As a food scientist, one of the things that grinds my gears is how people approach food toxins. Everybody freaks out over acrylamide in coffee and french fries, phthalates in boxed mac and cheese or other "dangerous compounds lurking in our foods."
However, we all sleep on the ones that are inside what we eat by nature.
Many of the everyday foods we eat, like eggs, celery, and apples, have developed their own biological defense systems. In most cases, that involves some natural poison that is affecting us in some way, whether we realize it or not.
In some instances, those toxins are at higher levels than any of the carcinogens that we all tend to discuss. Despite our regular consumption, though, we carry on in life, mostly unaffected.
For those wondering how this is possible, you gotta turn to Paracelsus — The "Father of Toxicology."
"All things are poisons, for there is nothing without poisonous qualities," he says. "It is only the dose which makes a thing poison."
It's still important to know what's potentially toxic inside your everyday foods. Whether it be those or acrylamide, though, just remember that how much you eat matters more than exactly what you eat.
I know what you're thinking. "Celery is one of the few foods out there that requires more calories to eat than you get out of it, it has to be healthy!" I mean, yes, it still is, it's just that too much of it means you'll be ingesting a lot of a toxin called psoralens. You'll be able to tell when that happens because of a sunburn-like skin condition you'll develop. Avoiding UV light for a few hours (and laying off the celery overconsumption), though, should help.
Eggs are great sources of protein and other health-beneficial compounds, but they can be restrictive in one area. A particular protein inside called avidin can bind to Vitamin B7 (aka biotin) and prevent your body from getting a significant amount of that nutrient. This can be reduced by cooking your egg whites, though, so avoiding the Rocky Balboa diet is a good way to keep this to a minimum.
Raw soybeans have a number of antinutrients inside of them, one of the key ones being phytic acid. It can limit the amount of zinc, vitamin D, and iron your body can get from food. This can be limited, though, by a number of methods, including heating and soaking the soybeans. So eating something like tofu over straight soybeans means you lose less nutrients.
It should be noted, however, that phytic acid is also a key source of phosphorous that our body needs. Goes to show that it really is all about balance and dosage, like Paracelsus said.
There was a woman who ate roughly 4 pounds of licorice a week that got a heart attack. Turns out an active compound inside called glycyrrhizic acid was causing the loss of essential potassium from her body that induced the cardiovascular episode. As much as 100 grams of licorice a day can lead to this, according to follow-up research, but the symptoms abate as you eat less of it.
Sea bass is one of several fish that we eat that can lead to something called ciguatera fish poisoning (barramundi being another example). It's caused by the build up of a toxin produced by microalgae that the fish (or their prey) eat. It's harmless to fish, but it can't be destroyed by cooking and can cause nausea and vomiting in humans. A unique symptom is a sort of "heat reversal" sensation, where hot things feel cold and vice versa. All of these symptoms are treatable, but can last for a while if left alone. Research is still scant on this toxin, but eating small pieces of several different fish has been suggested as a solution.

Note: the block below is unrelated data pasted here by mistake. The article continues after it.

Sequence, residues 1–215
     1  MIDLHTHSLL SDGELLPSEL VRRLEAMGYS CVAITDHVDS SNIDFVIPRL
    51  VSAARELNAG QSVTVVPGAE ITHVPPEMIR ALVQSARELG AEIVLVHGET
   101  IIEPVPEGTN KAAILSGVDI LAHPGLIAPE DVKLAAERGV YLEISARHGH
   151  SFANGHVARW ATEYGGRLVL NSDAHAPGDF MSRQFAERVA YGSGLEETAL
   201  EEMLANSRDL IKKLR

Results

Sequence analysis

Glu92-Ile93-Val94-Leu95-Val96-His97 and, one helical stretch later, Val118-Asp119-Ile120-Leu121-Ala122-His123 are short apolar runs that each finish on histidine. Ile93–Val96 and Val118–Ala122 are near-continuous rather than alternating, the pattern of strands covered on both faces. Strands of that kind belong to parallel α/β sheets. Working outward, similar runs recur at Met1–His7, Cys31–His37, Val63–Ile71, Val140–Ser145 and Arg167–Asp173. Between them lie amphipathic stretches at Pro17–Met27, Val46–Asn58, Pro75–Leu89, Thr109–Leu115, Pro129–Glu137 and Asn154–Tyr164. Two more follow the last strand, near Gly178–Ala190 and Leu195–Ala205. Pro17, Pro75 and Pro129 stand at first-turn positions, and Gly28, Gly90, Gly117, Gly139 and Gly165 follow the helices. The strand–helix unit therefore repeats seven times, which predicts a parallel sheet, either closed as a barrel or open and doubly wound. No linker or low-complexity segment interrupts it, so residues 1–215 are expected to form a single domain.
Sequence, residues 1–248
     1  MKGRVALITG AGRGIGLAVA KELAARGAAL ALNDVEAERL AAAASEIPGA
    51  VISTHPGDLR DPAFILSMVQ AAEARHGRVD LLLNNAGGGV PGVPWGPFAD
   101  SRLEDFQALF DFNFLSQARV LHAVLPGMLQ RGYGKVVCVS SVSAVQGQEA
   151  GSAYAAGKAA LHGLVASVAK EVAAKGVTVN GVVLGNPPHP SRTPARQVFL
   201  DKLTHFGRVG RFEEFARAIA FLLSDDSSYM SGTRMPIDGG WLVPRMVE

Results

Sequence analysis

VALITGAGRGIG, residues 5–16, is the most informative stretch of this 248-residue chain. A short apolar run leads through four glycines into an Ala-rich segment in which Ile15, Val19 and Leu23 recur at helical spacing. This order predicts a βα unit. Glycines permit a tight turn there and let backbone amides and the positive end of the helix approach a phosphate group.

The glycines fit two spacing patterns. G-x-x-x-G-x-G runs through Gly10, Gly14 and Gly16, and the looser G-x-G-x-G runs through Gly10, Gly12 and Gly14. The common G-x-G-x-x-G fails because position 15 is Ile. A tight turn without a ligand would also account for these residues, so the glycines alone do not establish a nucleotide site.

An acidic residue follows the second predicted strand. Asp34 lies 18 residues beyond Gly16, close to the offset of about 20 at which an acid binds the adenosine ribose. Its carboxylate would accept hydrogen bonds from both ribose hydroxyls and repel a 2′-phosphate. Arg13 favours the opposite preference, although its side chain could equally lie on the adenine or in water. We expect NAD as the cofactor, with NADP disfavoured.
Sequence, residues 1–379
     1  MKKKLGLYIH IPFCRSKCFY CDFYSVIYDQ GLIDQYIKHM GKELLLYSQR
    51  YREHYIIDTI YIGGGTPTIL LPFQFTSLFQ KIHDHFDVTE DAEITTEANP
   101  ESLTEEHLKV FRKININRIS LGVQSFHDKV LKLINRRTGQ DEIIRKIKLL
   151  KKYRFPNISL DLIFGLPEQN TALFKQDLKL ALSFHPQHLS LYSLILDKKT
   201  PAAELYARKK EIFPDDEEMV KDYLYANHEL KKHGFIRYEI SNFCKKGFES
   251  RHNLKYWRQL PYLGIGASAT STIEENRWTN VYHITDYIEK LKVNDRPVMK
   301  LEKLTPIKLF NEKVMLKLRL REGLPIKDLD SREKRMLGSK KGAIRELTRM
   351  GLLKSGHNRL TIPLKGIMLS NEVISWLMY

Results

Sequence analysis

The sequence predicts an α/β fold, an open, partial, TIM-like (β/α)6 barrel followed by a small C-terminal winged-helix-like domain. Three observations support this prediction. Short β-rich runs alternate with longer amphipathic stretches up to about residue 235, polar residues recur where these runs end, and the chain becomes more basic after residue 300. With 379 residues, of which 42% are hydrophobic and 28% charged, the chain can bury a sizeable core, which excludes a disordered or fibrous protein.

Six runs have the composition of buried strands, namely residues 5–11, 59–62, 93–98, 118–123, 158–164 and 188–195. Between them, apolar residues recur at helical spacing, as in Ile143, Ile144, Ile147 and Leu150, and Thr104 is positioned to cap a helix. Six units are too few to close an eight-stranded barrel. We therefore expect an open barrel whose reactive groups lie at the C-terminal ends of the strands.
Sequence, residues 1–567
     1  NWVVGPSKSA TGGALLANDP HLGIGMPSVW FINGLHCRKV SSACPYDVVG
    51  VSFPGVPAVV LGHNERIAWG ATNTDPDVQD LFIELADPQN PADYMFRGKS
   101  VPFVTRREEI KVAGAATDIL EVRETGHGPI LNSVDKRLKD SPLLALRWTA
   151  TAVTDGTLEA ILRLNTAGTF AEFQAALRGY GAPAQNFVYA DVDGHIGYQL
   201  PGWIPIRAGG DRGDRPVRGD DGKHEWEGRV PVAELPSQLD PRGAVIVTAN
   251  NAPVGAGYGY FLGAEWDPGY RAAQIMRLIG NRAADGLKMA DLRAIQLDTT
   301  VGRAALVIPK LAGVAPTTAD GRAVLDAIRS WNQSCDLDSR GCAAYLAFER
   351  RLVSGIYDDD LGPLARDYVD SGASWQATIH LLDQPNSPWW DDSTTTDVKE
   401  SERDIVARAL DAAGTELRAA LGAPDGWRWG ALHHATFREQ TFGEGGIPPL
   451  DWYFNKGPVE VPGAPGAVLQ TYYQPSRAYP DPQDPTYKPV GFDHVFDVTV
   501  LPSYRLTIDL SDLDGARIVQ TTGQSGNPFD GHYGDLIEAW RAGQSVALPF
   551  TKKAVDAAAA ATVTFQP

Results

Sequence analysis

Apples actually have a couple of different potential toxins to worry about. The seeds are high in amygdallin, a precursor to a neurotoxin called hydrogen cyanide. That compound can be fatal, so it's best to avoid eating the seeds.
Mold growth on apples from a couple of different species can result in the formation of patulin, a potential carcinogen. It's pretty rare to get, though, especially with the strict limits set on it by the FDA for apple and apple products (ie. juice and cider).
If you're cooking with canned kidney beans, there's virtually no problem here, since the poisoning issue with these comes from when they're undercooked. Proper heating destroys lectins, a group of compounds that keep your intestines from absorbing nutrients properly. Those that prefer to cook from a dry bean should take note and ensure their beans are tender to keep lectins from having any effect.
Strawberries, along with kale, cabbage, and other produce, contain a series of goitrogens that inhibit your intake of iodine. Iodine deficiencies may lead to the formation of goiters (hence, the name). But with the amount of iodized salt in the United States today, this has barely ever surfaced as an issue.
Like apple seeds, almonds are also a source of amygdalin, which can lead to the formation of hydrogen cyanide. The almonds you find in stores, though, should be okay, since there is too little amygdalin inside of them to have any effect. You do want to watch out for wild bitter almonds, which have significantly higher amounts of the toxin inside.
Tuna is naturally high in histamine, and this can result in something known as scombroid fish poisoning. Symptoms tend to mimic that of an allergic reaction, so the two are often confused. This toxicity most often occurs with fish that is spoiled or not refrigerated properly, which allows the histamines to build up.
While many of the above toxins in our everyday foods may sound scary, actually getting the symptoms tends to be rare. You either need to eat a lot over time, a lot at once, or not be storing your food properly. Again, as Paracelsus said, the toxicity is all about the dose. That goes for acrylamide and all the other commonly discussed substances as well.